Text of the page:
By Amelia Joy
I’d only been marginally aware of the rise of 2000s nostalgia when the YouTube algorithm served me Mila Tequila. Nothing about the production of this channel was particularly spectacular: a girl in bed with wine talking into her phone as she deep dives into the widely publicised ups and downs of noughties celebrities like Amanda Bynes and Lindsay Lohan. Yet the channel grew rapidly, from zero to 100k subscribers in less than four weeks. Something clearly resonated.
I was struck by the tone in which she told stories of the women I’d heard growing up. In her passionate retellings, sidestepping the usual trashy voyeurism, Mila’s videos offer examinations of the way women were treated in the golden age of tabloids—a neat, albeit messed up, reflection of how women were treated by society.
I turned thirteen in the year 2005 and felt the world was at my fingertips. I dreamed of being a famous singer/dancer, so my girl gang, with our low-riding Face Off flares and pink Motorola E380 flip phones, formed a dance troupe, practicing our routines every lunch. When the school principal refused our performance to ‘Boom Boom’ for being too risqué, it was the first time I ever felt that how I chose to present myself as a girl wasn’t acceptable. Suddenly, I felt everything that Linsday Lohan sang about in ‘Rumors’: Why couldn’t they back up off me? Why couldn’t they just let us live? We were burgeoning women, dammit, and that bald, old man was keeping us down. I refused to apologise for what Paris Hilton asserted to us as wide-eyed twelve-year-olds in magenta padded bras: Some girls are just born with glitter in their veins.
These women were my idols. But outside the bubble I lived in, paparazzi and tabloids reigned supreme, and celebrity gossip culture was rife with toxicity. Mental health crises constituted headlines. Sex tapes and upskirt shots were fair game, even for a 17-year-old Miley Cyrus. We sneered at Paris Hilton and laughed at Lindsay Lohan while Britney Spears’s suffering was served to the public as cheap, melodramatic entertainment.
While their appearance on billboards and television elevated them to God-like status, perpetuating a distance between us and them, tabloids and paparazzi took gleeful pleasure in their “bad” behaviour. And in their portrayal of the women I loved, the media made it clear: women were not allowed to be complex. We couldn’t be both intelligent and beautiful. We could party, but not too hard. If we were successful, the world owned us. If we were sexual, we were objects. If we struggled, we were crazy. If we were victims, it was our own fault. We were stripped of agency and respect. It was sexism dressed up in a Juicy Couture tracksuit.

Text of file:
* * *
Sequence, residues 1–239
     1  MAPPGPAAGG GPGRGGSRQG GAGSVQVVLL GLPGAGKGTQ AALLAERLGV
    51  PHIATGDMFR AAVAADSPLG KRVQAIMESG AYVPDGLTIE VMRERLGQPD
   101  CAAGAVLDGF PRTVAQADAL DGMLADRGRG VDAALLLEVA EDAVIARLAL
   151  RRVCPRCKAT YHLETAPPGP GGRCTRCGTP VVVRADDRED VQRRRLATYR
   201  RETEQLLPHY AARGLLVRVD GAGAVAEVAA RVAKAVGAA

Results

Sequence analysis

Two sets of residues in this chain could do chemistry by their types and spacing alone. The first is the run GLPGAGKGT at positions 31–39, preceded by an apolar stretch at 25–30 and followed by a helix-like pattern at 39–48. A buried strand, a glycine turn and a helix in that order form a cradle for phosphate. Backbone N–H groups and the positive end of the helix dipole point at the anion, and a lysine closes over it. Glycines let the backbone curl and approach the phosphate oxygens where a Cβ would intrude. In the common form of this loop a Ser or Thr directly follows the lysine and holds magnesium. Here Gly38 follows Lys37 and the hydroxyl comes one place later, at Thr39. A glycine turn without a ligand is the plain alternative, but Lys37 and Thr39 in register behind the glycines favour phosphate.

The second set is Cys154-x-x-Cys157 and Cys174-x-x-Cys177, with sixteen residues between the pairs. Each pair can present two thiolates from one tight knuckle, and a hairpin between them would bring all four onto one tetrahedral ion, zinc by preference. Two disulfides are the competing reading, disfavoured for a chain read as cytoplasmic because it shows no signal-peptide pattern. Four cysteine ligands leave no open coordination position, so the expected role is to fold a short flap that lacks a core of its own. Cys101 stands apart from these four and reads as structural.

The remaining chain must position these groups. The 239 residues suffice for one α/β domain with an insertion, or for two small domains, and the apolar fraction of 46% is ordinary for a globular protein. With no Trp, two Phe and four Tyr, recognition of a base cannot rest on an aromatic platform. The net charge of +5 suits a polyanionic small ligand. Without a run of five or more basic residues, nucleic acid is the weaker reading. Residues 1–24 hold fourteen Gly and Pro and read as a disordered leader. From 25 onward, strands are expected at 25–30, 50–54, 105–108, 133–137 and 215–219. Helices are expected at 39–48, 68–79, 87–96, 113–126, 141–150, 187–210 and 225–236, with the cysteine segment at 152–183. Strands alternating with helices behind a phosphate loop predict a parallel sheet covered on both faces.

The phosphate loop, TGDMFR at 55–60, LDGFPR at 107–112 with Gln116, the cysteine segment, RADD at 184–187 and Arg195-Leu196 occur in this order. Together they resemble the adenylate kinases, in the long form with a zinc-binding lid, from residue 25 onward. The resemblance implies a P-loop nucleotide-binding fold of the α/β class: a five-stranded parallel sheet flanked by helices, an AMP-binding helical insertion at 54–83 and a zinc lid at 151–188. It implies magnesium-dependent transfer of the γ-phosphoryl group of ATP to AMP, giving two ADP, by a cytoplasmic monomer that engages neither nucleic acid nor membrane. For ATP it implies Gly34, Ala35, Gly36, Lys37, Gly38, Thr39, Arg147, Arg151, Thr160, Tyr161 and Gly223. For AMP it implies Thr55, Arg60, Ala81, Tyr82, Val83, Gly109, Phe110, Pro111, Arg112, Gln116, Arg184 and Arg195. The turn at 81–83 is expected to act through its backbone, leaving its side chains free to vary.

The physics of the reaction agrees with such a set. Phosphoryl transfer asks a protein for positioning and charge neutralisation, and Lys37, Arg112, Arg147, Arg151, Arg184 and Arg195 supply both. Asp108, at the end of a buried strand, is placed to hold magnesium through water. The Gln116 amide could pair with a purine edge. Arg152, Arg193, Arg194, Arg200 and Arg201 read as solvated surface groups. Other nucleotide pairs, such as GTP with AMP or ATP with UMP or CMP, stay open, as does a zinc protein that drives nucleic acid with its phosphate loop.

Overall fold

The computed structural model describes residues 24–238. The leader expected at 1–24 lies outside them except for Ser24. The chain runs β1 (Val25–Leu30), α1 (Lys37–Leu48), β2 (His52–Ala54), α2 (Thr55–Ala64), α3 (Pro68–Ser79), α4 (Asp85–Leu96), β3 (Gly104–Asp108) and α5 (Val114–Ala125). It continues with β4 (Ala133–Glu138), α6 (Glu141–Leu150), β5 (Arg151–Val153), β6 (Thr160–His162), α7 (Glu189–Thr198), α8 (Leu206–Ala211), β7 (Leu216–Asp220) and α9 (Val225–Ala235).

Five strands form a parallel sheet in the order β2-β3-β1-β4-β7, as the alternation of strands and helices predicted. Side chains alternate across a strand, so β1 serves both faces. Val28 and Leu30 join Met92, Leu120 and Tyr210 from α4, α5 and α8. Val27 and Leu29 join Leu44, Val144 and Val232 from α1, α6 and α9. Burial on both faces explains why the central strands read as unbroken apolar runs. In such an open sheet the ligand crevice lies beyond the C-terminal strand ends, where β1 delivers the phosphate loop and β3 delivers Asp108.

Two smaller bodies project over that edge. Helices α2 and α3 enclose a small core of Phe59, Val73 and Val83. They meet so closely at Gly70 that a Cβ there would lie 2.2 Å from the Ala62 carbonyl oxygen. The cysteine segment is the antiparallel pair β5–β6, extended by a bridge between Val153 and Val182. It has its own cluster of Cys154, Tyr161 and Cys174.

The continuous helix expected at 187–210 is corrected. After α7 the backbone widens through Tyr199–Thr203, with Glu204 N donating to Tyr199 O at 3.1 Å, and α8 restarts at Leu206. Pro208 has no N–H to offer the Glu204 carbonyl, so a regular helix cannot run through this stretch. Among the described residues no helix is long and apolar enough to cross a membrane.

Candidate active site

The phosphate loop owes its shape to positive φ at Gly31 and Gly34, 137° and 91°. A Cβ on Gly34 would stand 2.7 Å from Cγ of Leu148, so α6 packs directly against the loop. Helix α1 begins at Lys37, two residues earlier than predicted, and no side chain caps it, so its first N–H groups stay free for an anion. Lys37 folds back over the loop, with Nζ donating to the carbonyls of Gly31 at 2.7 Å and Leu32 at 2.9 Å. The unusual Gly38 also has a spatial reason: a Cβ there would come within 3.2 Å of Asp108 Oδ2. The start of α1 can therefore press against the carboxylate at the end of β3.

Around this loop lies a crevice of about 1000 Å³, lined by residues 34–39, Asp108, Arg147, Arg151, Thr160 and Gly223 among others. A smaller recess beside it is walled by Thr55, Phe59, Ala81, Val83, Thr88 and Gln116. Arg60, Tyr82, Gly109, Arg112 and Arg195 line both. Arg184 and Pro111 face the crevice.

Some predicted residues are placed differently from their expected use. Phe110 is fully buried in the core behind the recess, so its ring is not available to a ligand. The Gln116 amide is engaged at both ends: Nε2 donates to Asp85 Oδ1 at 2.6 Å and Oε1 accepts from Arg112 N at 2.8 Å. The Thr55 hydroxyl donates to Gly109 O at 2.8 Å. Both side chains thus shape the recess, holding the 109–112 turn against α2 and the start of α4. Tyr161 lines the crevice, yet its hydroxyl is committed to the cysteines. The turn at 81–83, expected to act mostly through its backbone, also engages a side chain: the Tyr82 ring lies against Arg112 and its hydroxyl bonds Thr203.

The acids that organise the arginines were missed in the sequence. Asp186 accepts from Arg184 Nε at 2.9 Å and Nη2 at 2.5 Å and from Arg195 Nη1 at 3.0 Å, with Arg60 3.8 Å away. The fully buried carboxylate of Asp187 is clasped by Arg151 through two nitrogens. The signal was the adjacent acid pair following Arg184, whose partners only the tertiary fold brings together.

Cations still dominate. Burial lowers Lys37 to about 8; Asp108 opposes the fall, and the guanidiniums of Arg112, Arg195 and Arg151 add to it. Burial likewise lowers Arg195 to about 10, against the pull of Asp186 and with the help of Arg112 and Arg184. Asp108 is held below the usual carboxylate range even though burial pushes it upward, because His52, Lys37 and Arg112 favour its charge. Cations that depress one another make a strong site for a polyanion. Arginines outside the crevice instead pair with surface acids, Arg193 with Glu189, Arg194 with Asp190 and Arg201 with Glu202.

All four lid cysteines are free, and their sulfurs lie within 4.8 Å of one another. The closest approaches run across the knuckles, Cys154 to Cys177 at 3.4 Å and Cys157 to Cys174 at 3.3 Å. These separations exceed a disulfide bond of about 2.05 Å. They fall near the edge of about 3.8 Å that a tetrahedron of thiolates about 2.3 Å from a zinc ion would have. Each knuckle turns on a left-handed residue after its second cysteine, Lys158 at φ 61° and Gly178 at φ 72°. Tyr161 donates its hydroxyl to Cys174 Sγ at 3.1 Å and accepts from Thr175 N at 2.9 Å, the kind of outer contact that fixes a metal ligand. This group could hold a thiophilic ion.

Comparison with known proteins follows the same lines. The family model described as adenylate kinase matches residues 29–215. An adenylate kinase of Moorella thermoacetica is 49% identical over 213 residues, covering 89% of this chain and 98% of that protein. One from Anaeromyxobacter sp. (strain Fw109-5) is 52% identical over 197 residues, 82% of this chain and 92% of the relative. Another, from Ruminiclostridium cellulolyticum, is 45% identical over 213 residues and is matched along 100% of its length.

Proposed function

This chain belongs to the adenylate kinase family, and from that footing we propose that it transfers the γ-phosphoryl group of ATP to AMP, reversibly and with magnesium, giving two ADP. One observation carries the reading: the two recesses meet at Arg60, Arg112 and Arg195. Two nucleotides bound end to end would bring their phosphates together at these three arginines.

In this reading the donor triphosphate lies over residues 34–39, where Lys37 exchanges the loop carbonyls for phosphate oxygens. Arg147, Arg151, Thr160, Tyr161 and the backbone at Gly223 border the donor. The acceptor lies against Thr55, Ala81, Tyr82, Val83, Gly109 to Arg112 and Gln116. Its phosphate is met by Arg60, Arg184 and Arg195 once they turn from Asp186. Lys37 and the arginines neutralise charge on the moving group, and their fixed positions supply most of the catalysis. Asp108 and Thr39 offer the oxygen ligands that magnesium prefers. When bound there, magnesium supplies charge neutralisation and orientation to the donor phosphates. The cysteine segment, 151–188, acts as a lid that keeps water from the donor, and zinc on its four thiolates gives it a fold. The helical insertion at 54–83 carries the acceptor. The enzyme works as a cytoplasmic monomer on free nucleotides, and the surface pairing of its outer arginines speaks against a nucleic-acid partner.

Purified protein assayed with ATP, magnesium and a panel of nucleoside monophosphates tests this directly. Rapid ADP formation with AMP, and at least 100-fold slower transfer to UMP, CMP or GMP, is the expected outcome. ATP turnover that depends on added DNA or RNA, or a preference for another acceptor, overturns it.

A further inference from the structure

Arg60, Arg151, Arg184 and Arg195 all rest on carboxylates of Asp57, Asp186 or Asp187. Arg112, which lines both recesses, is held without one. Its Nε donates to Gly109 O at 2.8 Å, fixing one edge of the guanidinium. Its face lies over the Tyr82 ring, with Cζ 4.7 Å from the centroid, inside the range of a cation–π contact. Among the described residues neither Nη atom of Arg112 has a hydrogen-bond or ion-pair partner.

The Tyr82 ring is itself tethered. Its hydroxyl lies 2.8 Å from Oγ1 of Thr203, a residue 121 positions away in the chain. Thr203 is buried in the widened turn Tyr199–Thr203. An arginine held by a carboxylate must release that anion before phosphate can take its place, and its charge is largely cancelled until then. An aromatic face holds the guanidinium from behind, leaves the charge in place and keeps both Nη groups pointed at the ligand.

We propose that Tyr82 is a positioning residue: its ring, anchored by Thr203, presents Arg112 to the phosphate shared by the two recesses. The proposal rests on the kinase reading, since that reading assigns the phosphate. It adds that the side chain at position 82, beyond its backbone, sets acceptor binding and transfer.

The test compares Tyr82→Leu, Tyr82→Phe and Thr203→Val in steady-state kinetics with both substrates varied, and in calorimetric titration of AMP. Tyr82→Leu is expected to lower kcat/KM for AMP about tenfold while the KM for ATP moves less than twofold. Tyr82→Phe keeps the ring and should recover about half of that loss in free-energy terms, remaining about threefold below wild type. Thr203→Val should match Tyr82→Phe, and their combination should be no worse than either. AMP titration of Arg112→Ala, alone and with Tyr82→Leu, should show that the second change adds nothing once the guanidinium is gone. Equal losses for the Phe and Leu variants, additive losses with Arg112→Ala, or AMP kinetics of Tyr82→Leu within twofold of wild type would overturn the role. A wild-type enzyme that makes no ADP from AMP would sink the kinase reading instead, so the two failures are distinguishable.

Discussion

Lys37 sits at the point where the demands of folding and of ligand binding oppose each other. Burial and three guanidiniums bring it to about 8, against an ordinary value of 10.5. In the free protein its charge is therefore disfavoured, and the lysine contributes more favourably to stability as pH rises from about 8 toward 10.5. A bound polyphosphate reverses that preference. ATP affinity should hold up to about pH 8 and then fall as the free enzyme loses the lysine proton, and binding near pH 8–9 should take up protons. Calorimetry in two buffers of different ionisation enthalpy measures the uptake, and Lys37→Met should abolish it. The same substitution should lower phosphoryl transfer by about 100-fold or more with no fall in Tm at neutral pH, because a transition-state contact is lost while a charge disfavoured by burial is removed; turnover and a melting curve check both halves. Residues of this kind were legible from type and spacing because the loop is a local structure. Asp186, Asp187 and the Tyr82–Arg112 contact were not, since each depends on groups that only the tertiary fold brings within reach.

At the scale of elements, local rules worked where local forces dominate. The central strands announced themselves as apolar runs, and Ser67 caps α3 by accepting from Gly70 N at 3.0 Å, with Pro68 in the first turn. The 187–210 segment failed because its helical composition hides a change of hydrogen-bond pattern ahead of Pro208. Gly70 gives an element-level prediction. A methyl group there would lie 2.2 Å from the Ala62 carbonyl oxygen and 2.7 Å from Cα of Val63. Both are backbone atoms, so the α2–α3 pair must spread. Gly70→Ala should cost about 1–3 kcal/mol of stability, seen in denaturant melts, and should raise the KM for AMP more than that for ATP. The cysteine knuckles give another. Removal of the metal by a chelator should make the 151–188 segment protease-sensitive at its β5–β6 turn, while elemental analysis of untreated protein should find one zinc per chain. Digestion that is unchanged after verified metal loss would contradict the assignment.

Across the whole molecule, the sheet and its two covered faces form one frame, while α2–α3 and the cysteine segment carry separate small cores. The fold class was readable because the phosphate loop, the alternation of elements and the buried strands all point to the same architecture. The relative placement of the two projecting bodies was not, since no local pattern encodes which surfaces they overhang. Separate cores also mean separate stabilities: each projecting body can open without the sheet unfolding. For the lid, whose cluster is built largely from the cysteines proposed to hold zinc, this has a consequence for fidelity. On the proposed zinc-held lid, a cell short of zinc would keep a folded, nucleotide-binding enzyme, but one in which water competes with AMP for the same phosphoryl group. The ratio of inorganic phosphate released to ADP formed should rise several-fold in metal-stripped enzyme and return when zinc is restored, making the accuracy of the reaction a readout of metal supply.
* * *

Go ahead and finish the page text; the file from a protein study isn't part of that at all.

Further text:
We might be unsure how much things have actually changed, but at least the conversation is changing. In February this year, Framing Britney Spears aired, a documentary profiling the singer’s career, conservatorship, and the #FreeBritney movement. Samantha Stark, the director, recently told The Independent that both the conversations around mental health and #MeToo have offered us a new lens through which to see the treatment of women by paparazzi and tabloids of the time. And it marked a shift. In This Is Paris, we heard Paris Hilton, in her real voice, as she discussed the effects of being a victim of revenge porn and victim blaming. In the most meta throwback I’ve ever seen, Mischa Barton, in the reboot of The Hills, confronted blogger Perez Hilton for his slander. More recently, stars like Demi Lovato have been scrupulously honest about their mental health and struggles with addiction and the media seems to have responded with respect.
It’s not revelatory to say that nostalgia romanticises a past far more complex and brutal than we want to remember. We put our memories in a box under our bed and decorate it with magazine cut-outs of Seth Cohen and douse it in Impulse body spray. But as an adult, I relate to my tween idols now more than ever: the slut-shaming and victim blaming didn’t happen on the scale it did for Paris. The mental health struggles didn’t make headlines like Britney, but people talked. Photos and videos weren’t circulated around the world, but they made their rounds. These stories echo. And these women, like us, were and are complicated and layered and deserved better. Celebrities: they’re just like us! But really, though, they are.
The impact of 2000s pop culture has often been reduced to nostalgic throwbacks, worn-out memes and Depop stock, but reaching back into the zeitgeist can offer us more than just aesthetic inspiration. There was something great in what Hannah Lux Davis, the director of Ariana Grande’s 2019 ‘thank u, next’ music video said about this nostalgia, “Just like how a meme is super shareable… I feel like nostalgia has that same effect. It makes people feel like they’re in on something together.” Looking back on the 2000s, on my experiences and the women I grew up admiring, I see new generations are joining the conversation and I am hopeful. Maybe we are in on something together, and maybe we are changing things: one bedazzled flip phone in the air at a time.
Amelia Joy is a fiction and memoir writer based in Melbourne. She just heard that skinny jeans are over. Her novella All Summer Long is out in winter. Follow her at @lorexlunar.
Cover image provided by Amelia Joy.